Area X receives auditory input from nucleus HVC. Area X pallidal neurons receive direct excitatory input from HVC as well as feed-forward inhibition via Area X interneurons (Farries et al., 2005). The reduction of song-evoked responses in Area X pallidal neurons might rely on change in the responsiveness of Area X neurons to their direct input from HVC. To test whether DA modulates the responsiveness of Area X neurons to their input from HVC, we recorded the response of Area X neurons to HVC electrical stimulation (see Leblois et al. 2009) before and after DA injection in Area X.
DA suppressed the rapid excitation evoked by HVC stimulation in Area X pallidal neurons (Fig. 4A and B) sometimes revealing or increasing an inhibitory component of the response (Fig. 4A). DA injection suppressed the peak of the population average of responses to HVC stimulation (Fig. 4C). Over all neurons, the average peak response dropped from 363 ± 133 sp/s to 190 ± 103 sp/s after DA injection (n=16, p<10−4, t=6, df=15) and recovered to 357 ± 143 after washout. Moreover, the stimulation response strength over a 30 ms window following HVC stimulation dropped from 49 ± 24 sp/s to 3 ± 23 sp/s (p<10−6, t=10.8, df=15), and recovered after washout to 47 ± 27 sp/s (Fig. 4D). To provide a fuller description of the data, we also examined the relative area (see methods) and duration of the excitatory and inhibitory components of the responses. For each response feature, a t-test revealed a significant change between the baseline and DA conditions. A False Discovery Rate analysis indicates that some of the tests are at the threshold for statistical significance (threshold p value of 0.04). DA decreased both the relative area and the duration of the excitatory components in the response of pallidal neurons to HVC stimulation (excitation relative area: from 112 ± 61 % to 32 ± 27 %, p=10−5, t=6.6, df=15, Fig. 4E; excitation duration: from 18 ± 11 ms to 9 ± 5 ms, p=0.004, t=3.4, df=15, Fig. 4F). These values recovered after washout (excitation relative area: 90 ± 54 %; excitation duration: 16 ± 9 ms). The inhibitory components in response to HVC stimulation were larger and longer in duration after DA injection (inhibition relative area: from 3 ± 5 % to 11 ± 11 %, p=0.03, t=2.4, df=15, Fig. 4G; inhibition duration from 2 ± 3 ms to 5 ± 4 ms, p=0.04, t=−2.1, df=15, Fig. 4H), and recovered after washout (inhibition relative area: 5 ± 7 %; inhibition duration: 3 ± 4 ms). Overall, DA decreased the response of pallidal neurons to HVC stimulation, reducing the excitatory component of the responses and emphasizing their inhibitory component.
In putative interneurons, DA decreased the rapid evoked excitation to a lesser extent (Fig. 4I). In these neurons, the stimulation response strength decreased only slightly on average, from 44 ± 44 sp/s at baseline to 23 ± 53 sp/s (n=5, p=0.03, t=4.1, df=3, Fig. 4J), and recovered after washout to 40 ± 45 sp/s. DA did not cause a significant change in the response peak in interneurons (from 373 ± 183 sp/s to 268 ± 256 sp/s).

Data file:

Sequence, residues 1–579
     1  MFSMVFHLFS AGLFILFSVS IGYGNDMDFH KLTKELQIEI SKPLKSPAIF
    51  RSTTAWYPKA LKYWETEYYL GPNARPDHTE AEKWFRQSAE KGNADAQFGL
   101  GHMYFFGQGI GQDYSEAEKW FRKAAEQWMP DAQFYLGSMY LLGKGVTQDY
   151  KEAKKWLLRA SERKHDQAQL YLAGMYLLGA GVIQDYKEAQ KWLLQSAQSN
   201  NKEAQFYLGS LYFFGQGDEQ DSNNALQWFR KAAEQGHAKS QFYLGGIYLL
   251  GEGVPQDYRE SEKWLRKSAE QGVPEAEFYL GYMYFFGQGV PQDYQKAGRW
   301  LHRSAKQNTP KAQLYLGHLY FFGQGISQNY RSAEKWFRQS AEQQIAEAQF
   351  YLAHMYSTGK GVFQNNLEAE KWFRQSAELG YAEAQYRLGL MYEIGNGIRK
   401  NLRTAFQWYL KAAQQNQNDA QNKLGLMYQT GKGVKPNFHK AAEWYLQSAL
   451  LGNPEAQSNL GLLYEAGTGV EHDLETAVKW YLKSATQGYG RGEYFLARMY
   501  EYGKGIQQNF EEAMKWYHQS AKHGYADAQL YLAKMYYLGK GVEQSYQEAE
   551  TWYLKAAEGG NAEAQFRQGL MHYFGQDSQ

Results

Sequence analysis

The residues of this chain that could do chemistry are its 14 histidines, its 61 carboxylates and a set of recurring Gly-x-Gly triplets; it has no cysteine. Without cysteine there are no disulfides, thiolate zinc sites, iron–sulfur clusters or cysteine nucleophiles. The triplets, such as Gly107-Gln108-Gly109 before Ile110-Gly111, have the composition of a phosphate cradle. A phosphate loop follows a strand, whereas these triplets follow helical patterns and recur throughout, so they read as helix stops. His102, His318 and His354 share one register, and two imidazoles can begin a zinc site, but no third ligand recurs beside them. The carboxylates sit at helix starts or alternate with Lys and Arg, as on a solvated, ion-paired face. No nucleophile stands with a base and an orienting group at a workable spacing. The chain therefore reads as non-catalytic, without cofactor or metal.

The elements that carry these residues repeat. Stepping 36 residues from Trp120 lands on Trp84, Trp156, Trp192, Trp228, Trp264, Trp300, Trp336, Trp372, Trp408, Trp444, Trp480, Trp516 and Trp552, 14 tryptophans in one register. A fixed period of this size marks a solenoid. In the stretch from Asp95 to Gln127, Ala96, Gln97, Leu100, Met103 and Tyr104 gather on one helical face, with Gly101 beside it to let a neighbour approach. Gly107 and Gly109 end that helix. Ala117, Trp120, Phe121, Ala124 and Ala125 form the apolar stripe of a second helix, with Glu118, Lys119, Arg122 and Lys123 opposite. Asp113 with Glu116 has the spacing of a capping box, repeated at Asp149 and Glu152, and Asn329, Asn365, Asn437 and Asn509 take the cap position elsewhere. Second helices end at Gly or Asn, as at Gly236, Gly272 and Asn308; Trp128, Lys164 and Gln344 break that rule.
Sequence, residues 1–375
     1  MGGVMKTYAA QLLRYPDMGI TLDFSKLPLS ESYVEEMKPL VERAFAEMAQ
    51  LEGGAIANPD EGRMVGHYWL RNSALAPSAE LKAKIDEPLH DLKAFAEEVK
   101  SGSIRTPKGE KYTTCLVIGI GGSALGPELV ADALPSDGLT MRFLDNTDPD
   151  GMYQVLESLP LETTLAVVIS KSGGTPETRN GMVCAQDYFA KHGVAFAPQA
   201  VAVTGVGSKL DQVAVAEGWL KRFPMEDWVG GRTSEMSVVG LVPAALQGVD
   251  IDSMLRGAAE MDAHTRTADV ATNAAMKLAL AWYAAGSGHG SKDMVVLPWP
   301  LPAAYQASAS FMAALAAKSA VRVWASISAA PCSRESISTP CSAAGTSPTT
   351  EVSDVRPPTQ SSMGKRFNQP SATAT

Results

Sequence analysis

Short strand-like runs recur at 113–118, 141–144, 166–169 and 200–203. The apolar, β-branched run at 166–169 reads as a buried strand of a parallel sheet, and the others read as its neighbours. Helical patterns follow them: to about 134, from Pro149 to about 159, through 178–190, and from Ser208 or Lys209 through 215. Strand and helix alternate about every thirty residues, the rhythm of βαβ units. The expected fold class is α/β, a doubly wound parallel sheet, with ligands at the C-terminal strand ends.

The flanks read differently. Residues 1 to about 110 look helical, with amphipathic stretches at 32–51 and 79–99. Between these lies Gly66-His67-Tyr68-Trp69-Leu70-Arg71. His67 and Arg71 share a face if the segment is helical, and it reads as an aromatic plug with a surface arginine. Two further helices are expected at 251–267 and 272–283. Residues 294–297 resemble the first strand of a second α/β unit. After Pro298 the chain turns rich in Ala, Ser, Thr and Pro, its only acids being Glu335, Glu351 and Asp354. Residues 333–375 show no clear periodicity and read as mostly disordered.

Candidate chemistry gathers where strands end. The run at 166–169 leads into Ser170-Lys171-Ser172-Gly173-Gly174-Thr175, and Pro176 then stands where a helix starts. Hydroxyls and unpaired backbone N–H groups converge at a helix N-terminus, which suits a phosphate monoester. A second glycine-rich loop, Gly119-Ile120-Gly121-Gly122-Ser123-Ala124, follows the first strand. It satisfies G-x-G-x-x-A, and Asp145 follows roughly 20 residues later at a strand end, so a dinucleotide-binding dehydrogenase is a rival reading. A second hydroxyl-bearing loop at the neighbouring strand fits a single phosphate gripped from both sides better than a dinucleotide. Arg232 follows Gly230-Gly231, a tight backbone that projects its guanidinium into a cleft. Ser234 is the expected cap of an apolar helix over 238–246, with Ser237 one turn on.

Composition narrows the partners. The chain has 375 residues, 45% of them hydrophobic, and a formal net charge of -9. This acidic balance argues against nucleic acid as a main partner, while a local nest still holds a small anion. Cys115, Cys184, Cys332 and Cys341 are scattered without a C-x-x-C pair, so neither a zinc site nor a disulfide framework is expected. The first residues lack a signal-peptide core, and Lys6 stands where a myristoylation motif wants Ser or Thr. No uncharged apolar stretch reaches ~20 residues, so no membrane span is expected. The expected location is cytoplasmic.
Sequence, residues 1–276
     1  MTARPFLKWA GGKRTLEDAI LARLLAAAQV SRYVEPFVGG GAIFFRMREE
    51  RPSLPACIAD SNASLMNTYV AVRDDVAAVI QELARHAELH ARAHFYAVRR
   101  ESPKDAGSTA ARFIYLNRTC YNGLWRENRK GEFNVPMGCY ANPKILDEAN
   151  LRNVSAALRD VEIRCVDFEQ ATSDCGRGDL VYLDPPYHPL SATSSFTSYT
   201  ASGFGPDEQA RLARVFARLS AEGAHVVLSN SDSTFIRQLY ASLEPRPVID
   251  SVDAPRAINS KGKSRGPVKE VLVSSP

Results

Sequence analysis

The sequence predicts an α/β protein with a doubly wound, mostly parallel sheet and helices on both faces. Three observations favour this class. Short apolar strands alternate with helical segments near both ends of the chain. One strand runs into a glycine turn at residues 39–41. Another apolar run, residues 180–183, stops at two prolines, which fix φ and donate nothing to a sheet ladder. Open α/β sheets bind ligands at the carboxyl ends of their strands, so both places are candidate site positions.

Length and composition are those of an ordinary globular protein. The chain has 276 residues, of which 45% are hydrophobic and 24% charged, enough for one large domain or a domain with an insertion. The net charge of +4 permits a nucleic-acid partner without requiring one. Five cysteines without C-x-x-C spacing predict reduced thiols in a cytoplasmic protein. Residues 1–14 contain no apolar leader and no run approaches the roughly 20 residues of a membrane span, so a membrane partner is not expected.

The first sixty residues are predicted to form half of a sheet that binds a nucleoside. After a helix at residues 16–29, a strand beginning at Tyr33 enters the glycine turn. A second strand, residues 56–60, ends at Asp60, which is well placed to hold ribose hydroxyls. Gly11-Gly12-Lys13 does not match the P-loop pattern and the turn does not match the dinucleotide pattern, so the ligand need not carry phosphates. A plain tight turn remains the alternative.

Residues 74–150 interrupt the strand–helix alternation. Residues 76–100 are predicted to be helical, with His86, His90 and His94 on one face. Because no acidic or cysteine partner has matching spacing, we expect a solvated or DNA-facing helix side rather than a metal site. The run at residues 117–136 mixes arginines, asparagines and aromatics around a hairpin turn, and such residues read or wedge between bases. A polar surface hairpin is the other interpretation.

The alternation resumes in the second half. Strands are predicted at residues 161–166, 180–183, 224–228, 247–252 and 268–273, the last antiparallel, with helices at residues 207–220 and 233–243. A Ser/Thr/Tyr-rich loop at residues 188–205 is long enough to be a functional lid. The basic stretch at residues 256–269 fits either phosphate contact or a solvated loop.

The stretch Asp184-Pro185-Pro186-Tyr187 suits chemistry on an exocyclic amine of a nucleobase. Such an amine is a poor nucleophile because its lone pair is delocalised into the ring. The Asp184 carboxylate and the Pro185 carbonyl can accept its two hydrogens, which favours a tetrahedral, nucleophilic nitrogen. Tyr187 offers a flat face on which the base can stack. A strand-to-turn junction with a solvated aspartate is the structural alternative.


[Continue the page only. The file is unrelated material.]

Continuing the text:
DA thus reduced the responses of all Area X neurons to HVC electrical stimulation, and the response reduction was more pronounced in pallidal neurons.
To dissect the mechanisms by which DA reduces the response of pallidal neurons to song and to HVC electrical stimulation, we studied the effects of DA in an in vitro preparation. Stimulation of HVC fibers innervating Area X led to a rapid and strong increase in firing in Area X putative pallidal neurons (see Materials and Methods). These responses were suppressed by application of the glutamate AMPA receptor antagonist CNQX (Fig. 5A). CNQX strongly decreased the stimulation response strength from 49 ± 13 sp/s to 9 ± 14 sp/s (n=4, p=0.03, t=5.4, df=3, Fig 5B). Stimulation response strength recovered after washout (27 ± 13 sp/s). The response peak also decreased in the presence of CNQX, from 140 ± 40 sp/s to 33 ± 25 sp/s (p=0.02, t=4.7, df=3), and recovered after washout to 85 ± 34 sp/s. Conversely, responses were unaffected by the cholinergic receptor antagonists mecamylamine and atropine (stimulation response strength from 32 ± 19 sp/s to 27 ± 14 sp/s, n=4, p>0.5, t=0.9, df=2; response peak from 92 ± 53 sp/s to 75 ± 51 sp/s, p>0.05, t=1.2, df=2; Fig. 5C). Therefore, responses of pallidal neurons to HVC fiber stimulation in vitro were mediated by glutamate, similar to responses to HVC stimulation in vivo (Leblois et al., 2009).
As observed in vivo, DA application also diminished responses of pallidal neurons to stimulation of HVC fibers in vitro (Fig. 5D). Stimulation response strength was decreased from 20 ± 18 sp/s at baseline to 9 ± 8 sp/s under DA (n=8, p=0.01, t=3.5, df=7, Fig. 5E), and recovered after washout (17 ± 15 sp/s). Response peaks also strongly decreased, from 102 ± 40 sp/s at baseline to 54 ±31 sp/s under DA (p=0.002, t=4.8, df=7), and recovered to 84 ± 44 sp/s after washout. In the presence of the GABAA blocker picrotoxin, DA still diminished pallidal responses to HVC fiber stimulation (Fig. 5F). Stimulation response strength decreased from 30 ± 35 sp/s at baseline to 13 ± 19 sp/s under DA (n=13, p=0.01, t=2.3, df=12, Fig. 5G), and recovered to 36 ± 49 sp/s after washout. Similarly, peak response decreased from 94 ± 60 sp/s at baseline to 59 ± 44 sp/s under DA (p=0.02, t=2.6, df=12) and recovered after washout (94 ± 60 sp/s). Therefore, the DA induced decrease in the response of pallidal neurons to HVC stimulation was not solely due to a change in the feedforward inhibition received by pallidal neurons. Instead, DA decreased the effect of direct excitatory input from HVC on the firing of pallidal neurons.